A panel of the Ninth Circuit Court of Appeals ruled May 17 on an appeal from summary judgment in a case filed by pomegranate juice maker POM Wonderful against the Coca-Cola Company’s Minute Maid division. The dispute was over a Minute Maid pomegranate-blueberry juice blend that POM alleged misrepresented itself on its label as containing a far higher proportion of pomegranate juice than was present in the beverage. According to POM, this overselling of pomegranate falsely communicated to consumers that the juice blend conferred the unique health benefits of pomegranate juice — benefits which, themselves, have been heavily advertised by POM but called into question by the FTC and litigants. POM’s deceptive labeling claims against other marketers of juice products touched off a network of related competitor, class action, and FTC cases that have become known as the "Juice Wars".
Coca-Cola successfully moved for summary judgment on the ground that FDA regulations issued under the Food, Drug & Cosmetic Act comprehensively govern the content of juice labeling, including permitting marketers of juice blends to identify the products through the juice name and pictures by the juices that provide their characterizing flavors, regardless of whether these juices predominate by volume. Affirming, the Ninth Circuit panel concluded that "Pom’s challenge to the name ‘Pomegranate Blueberry Flavored Blend of 5 Juices’ would create a conflict with FDA regulations and would require us to undermine the FDA’s apparent determination that so naming the product is not misleading" and that " forc[ing] Coca-Cola to alter the size of the words on its labeling so that the words “Pomegranate Blueberry” no longer appear in larger, more conspicuous type on Coca-Cola’s label than do the words ‘Flavored Blend of 5 Juices’ … would again undermine the FDA’s regulations and expert judgments." Under the preclusion doctrine, the challenge was therefore barred.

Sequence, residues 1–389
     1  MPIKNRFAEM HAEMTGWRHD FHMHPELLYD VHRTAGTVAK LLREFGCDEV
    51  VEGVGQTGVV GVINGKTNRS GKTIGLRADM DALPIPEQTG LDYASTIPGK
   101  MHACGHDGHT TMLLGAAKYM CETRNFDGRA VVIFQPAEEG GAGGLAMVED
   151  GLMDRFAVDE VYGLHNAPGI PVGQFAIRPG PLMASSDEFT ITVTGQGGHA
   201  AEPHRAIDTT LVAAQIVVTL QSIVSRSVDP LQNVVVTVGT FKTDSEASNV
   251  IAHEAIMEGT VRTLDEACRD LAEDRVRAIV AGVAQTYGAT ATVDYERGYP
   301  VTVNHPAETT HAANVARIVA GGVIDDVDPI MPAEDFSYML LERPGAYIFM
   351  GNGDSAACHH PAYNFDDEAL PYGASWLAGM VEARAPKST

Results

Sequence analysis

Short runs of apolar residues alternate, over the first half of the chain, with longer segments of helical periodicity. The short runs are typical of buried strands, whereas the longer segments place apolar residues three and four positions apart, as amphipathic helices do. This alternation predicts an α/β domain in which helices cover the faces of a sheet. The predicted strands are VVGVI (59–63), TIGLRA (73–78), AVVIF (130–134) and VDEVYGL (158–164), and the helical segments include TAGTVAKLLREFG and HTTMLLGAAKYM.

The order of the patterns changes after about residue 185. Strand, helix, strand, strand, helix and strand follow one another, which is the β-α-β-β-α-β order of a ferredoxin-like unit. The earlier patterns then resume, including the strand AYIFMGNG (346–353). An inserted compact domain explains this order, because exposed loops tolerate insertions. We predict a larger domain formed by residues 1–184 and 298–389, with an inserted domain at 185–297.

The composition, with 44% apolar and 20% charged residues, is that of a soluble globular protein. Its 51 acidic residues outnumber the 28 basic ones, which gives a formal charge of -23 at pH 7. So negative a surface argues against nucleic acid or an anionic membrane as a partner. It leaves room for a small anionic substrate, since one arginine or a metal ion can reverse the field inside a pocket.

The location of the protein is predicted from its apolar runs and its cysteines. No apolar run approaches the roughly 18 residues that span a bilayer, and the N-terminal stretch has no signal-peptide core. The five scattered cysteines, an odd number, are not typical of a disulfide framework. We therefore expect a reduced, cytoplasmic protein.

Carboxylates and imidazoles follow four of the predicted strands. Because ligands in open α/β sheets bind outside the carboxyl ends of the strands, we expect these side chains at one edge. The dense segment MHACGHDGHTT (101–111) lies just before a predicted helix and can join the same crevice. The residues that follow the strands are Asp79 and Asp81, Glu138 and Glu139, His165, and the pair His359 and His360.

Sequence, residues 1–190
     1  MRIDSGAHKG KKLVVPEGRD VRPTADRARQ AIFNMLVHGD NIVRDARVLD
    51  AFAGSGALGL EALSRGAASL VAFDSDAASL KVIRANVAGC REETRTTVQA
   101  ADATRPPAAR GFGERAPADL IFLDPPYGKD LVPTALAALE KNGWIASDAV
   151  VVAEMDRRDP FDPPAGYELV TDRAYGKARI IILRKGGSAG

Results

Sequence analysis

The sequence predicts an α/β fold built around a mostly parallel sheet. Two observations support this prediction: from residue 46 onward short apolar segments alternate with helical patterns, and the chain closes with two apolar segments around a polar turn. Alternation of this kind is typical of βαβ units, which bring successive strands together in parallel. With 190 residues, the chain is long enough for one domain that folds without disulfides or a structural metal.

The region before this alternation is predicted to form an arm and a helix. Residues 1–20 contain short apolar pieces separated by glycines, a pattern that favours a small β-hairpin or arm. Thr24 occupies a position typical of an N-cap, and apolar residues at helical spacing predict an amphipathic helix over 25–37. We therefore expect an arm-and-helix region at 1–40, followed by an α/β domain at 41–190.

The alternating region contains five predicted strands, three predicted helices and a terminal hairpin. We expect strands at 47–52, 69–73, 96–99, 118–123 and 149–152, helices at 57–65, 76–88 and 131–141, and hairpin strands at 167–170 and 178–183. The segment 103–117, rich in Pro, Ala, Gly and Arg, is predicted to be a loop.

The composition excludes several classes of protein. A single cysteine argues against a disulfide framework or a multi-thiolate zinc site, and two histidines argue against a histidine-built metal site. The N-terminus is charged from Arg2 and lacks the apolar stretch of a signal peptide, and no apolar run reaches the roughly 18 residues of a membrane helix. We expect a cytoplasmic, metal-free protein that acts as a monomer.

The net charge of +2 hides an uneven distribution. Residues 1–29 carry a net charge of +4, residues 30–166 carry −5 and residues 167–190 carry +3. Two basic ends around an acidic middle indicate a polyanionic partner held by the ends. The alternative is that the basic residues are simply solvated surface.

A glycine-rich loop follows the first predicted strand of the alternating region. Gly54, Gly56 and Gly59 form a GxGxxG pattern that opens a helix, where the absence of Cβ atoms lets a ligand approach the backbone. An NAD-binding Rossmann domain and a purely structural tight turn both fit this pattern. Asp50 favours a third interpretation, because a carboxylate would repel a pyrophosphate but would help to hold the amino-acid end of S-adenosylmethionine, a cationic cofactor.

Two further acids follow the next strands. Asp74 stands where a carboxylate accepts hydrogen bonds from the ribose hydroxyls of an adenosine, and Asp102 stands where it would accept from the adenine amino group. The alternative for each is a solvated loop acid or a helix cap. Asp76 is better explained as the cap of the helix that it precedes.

In three other cases filed by POM Wonderful against beverage makers Tropicana, Welch Foods, and Ocean Spray Cranberries, the courts denied similar motions seeking to dispose of the cases on FDA preclusion grounds. Each of those defendants subsequently prevailed over POM at trial. The Ninth Circuit’s ruling indicates that the denials of summary judgment in those cases was inconsistent with recent Ninth Circuit precedent, specifically Photomedex, Inc. v. Irwin, 601 F.3d 919 (9th Cir. 2010), and that those cases should not have gone to trial.
POM’s parallel claims alleged under California’s Unfair Competition Law and False Advertising Law were reinstated by the Ninth Circuit, reversing the District Court’s ruling that POM lacked standing to pursue them. But it has not yet been decided whether these claims would be preempted by FDA regulation under much the same logic as the Ninth Circuit’s preclusion analysis.
Preclusion cases must be analyzed according to the specific federal regulation and the specific litigated claims at issue, but the Ninth Circuit’s ruling is important for any marketer whose product labeling is subject to federal regulatory oversight. It is one of several recent decisions affirming that federal regulatory determinations cannot be second guessed by litigants seeking to impose different standards that would contradict the federal regulations.